Body-Mind Integration: Reclaiming the Forgotten Treasure

Engler, Zuza (2010) Body-Mind Integration: Reclaiming the Forgotten Treasure. Doctoral thesis, Meridian University.

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Abstract

This study explores body-mind integration by examining the Research Problem: When embodying and expressing feeling through movement, what allows for releasing and reclaiming dissociated fragments of experience? The hypothesis stated: When embodying and expressing feeling through movement, sustained somatic attention in following an image and the ability to tolerate somatic and cognitive discomfort of the unknown allow for releasing and reclaiming dissociated fragments of experience. The Literature Review presents sources addressing the mind-body relationship, trauma and dissociation, affect theories, integrated approaches to psychology and psychotherapy, dance and movement as healing modalities and imaginal perspectives. Most sources reveal a lack of appreciation for the somatic aspects of human existence. The four-phase research methodology of Imaginal Inquiry was utilized, consisting of Evoking Experience, Expressing Experience, Interpreting Experience, and Integrating Experience. Nine participants and two co-researchers met twice in a group. Five learnings emerged from this study. First, exploring somatic process within a group constellates a transformative field in which a person can transcend one’s personal story and spontaneously engage in a communal, ritual enactment of affect. Second, in a group exploration of affect, repeated surrender of the egoic identity facilitates deepening engagement with previously unexplored aspects of experience. Third, exploration of vi affect through movement, by facilitating suspension of familiar modes of knowing, allows contact with Mystery via surprising turns of experience. Fourth, the experience of not moving during movement explorations can allow for resting in rich and fertile stillness; it can also be an expression of the struggle between expression and suppression, best met by returning to movement; negotiating this struggle requires sensitive and compassionate discernment. And fifth, consciously embodying and expressing fear requires a willingness to face existential anxiety; an invitation to do so is met with resistance, yet engaging fear creatively may lead to empowerment. The cumulative learning is that a group exploration of somatic process through movement and art is a descent into the underworld in which one’s personal experience becomes part of a ritual enactment of feeling. The degree of body-mind integration depends on individuals’ willingness to repeatedly sacrifice their egoic identity, surrender to Mystery, and sensitively engage the territory of inertia and fear. This study shows how working with body and feeling can assist personal and cultural integration, as seen through the mythical lens of Inanna’s descent to the underworld.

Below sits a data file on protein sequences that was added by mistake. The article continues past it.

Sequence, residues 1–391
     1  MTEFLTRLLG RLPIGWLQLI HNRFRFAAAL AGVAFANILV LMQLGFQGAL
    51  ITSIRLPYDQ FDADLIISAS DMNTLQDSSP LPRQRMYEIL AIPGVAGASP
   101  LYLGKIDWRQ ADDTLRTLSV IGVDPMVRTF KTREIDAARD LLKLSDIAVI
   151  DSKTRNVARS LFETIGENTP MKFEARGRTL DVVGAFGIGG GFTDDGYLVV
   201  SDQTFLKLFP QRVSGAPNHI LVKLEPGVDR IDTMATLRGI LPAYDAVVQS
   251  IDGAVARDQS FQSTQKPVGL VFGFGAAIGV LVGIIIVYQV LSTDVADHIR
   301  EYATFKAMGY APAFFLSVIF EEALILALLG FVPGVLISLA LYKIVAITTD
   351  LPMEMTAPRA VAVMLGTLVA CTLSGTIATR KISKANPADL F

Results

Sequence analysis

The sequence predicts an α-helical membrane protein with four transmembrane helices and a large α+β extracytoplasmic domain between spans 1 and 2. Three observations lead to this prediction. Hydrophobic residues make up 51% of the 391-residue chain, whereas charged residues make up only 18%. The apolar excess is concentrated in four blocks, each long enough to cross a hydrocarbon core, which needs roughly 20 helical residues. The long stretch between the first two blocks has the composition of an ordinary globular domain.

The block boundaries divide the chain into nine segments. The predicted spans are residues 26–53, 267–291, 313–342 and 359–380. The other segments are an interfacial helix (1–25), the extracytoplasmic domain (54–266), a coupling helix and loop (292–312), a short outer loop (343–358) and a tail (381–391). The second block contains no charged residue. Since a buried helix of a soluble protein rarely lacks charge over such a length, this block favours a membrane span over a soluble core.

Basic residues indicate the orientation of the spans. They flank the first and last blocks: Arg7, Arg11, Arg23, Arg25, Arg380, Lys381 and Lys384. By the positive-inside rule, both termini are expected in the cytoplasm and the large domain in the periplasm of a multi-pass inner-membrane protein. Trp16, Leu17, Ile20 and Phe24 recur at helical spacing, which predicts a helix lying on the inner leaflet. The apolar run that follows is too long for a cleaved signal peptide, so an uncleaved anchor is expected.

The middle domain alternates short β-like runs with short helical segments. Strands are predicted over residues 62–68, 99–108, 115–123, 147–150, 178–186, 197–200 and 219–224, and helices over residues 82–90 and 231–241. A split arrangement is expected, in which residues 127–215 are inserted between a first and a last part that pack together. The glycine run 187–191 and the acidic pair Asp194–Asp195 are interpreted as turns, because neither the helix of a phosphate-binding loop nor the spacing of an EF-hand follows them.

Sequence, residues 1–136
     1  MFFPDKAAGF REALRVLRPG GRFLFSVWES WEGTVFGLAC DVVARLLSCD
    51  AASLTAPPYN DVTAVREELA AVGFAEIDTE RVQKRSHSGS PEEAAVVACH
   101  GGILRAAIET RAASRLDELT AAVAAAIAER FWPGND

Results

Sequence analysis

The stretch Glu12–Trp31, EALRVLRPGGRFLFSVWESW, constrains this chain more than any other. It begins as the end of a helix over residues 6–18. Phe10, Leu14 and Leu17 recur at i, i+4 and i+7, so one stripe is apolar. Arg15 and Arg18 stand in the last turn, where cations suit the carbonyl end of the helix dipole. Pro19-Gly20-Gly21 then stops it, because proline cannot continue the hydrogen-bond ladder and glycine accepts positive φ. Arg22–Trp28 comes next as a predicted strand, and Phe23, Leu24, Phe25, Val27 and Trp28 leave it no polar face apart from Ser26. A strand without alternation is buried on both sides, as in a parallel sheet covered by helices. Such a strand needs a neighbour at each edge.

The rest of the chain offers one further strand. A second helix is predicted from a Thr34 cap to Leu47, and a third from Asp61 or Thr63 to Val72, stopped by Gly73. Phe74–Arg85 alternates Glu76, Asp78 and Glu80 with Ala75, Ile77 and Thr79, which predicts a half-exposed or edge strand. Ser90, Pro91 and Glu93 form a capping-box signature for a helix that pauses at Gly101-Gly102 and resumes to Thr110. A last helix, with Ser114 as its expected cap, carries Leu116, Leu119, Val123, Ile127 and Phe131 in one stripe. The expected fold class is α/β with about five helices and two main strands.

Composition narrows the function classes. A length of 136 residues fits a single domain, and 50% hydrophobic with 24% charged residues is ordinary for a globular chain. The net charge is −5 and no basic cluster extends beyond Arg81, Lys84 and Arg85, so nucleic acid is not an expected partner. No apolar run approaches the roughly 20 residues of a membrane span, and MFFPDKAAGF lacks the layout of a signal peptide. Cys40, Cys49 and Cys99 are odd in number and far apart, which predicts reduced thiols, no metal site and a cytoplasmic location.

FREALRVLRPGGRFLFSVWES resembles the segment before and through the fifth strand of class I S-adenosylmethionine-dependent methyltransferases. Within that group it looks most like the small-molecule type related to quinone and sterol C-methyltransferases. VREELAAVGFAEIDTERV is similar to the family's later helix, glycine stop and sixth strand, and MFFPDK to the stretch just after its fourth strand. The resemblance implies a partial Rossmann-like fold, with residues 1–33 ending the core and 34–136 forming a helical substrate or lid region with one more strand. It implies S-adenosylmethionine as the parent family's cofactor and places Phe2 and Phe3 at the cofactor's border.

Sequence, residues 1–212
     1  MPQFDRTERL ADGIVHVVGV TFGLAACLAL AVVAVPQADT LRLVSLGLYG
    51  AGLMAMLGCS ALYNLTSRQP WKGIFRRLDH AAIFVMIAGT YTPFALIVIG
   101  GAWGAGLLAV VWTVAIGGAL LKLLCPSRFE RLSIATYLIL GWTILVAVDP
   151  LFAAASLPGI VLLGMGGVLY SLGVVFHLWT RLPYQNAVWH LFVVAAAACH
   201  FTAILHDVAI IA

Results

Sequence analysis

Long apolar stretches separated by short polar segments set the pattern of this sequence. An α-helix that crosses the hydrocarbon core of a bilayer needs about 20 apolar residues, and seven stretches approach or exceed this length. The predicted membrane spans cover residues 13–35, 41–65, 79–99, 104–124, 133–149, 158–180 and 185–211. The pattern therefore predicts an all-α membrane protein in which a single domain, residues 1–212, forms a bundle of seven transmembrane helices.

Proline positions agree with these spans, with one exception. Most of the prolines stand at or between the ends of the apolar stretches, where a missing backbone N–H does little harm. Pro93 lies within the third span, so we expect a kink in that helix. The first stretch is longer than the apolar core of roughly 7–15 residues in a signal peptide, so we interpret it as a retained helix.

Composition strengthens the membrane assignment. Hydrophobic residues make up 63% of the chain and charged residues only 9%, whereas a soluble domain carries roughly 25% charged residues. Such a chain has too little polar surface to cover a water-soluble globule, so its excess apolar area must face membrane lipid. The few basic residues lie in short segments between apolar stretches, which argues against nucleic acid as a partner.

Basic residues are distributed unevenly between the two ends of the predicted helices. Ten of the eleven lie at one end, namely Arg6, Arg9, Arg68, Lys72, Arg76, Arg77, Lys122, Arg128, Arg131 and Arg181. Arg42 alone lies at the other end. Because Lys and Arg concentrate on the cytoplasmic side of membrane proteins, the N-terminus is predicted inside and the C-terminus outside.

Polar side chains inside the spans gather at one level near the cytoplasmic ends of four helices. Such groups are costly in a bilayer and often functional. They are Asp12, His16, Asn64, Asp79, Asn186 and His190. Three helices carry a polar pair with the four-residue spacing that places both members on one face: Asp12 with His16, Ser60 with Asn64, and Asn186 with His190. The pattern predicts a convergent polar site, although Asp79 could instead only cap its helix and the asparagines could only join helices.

Item Type: Thesis (Doctoral)
Subjects: Psychology > Critical Theory
Depositing User: Zuza Engler
Date Deposited: 17 Jan 2017 21:49
Last Modified: 17 Jan 2017 21:49
URI: http://scholarship.meridianuniversity.edu/id/eprint/113

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